cle-ro-man-cy [kleer-uh-man-see, kler-] noun the casting of lots as a means of divination.
Cleromancy was an ancient practice of dropping stones, bones, pebbles, colored glass, ect. and watching how they landed. The way they landed gave answers to questions asked. This was practiced in Ancient Rome, China, and Egypt. The Chinese used two curved bamboo blocks. If both landed with the curve up it was a positive answer. If both curves were down it was negative. This is still practiced today.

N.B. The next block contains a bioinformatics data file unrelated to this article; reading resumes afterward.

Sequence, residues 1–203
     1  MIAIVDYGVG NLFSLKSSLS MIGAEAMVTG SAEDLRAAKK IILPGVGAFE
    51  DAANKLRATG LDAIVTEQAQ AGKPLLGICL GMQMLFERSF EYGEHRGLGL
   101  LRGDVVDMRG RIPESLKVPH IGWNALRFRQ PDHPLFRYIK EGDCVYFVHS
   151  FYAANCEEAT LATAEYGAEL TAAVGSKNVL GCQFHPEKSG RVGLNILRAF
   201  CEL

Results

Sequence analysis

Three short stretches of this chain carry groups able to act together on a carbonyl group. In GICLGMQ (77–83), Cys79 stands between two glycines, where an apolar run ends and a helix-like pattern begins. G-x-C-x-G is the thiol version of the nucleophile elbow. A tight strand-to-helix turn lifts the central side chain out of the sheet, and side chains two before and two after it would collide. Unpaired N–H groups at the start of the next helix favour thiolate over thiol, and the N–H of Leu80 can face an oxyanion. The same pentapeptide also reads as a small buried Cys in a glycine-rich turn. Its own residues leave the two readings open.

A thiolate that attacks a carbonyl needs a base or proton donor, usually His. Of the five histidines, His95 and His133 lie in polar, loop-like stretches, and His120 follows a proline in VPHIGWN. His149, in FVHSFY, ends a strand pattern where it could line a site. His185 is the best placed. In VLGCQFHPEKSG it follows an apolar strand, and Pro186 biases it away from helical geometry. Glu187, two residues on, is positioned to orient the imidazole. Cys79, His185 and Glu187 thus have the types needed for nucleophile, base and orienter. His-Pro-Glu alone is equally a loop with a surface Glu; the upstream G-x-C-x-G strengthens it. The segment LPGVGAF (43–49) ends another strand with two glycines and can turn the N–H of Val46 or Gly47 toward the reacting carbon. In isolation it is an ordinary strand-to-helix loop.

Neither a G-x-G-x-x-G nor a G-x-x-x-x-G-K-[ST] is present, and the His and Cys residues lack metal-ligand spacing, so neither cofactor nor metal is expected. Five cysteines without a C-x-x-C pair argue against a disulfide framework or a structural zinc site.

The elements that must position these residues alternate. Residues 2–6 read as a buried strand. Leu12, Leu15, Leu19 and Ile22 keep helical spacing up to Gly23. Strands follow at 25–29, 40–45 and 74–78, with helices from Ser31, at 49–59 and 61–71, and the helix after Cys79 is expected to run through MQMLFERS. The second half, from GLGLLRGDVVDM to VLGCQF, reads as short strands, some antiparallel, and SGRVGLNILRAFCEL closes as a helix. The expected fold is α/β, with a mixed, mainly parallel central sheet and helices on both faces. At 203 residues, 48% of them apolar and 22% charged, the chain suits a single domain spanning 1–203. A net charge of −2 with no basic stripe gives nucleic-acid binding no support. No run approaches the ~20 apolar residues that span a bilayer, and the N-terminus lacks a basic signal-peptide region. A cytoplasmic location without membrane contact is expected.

The use of small stones in Cleromatic ways has been practiced all over the world. It is still used today to predict omens. All the pebbles or stones have to be the same size and smooth. Then you choose an equal number of light colored stones and an equal number of dark colored stones, preferably 13 of each. Keep them in a small bag and ask yes and no questions. Choose one stone out of the bag. If you choose a light colored stone the answer is yes, if dark the answer is no. Repeat the question several times, then take the average. If more light colored stones the answer is more than likely yes. Dice divination is derived from this practice.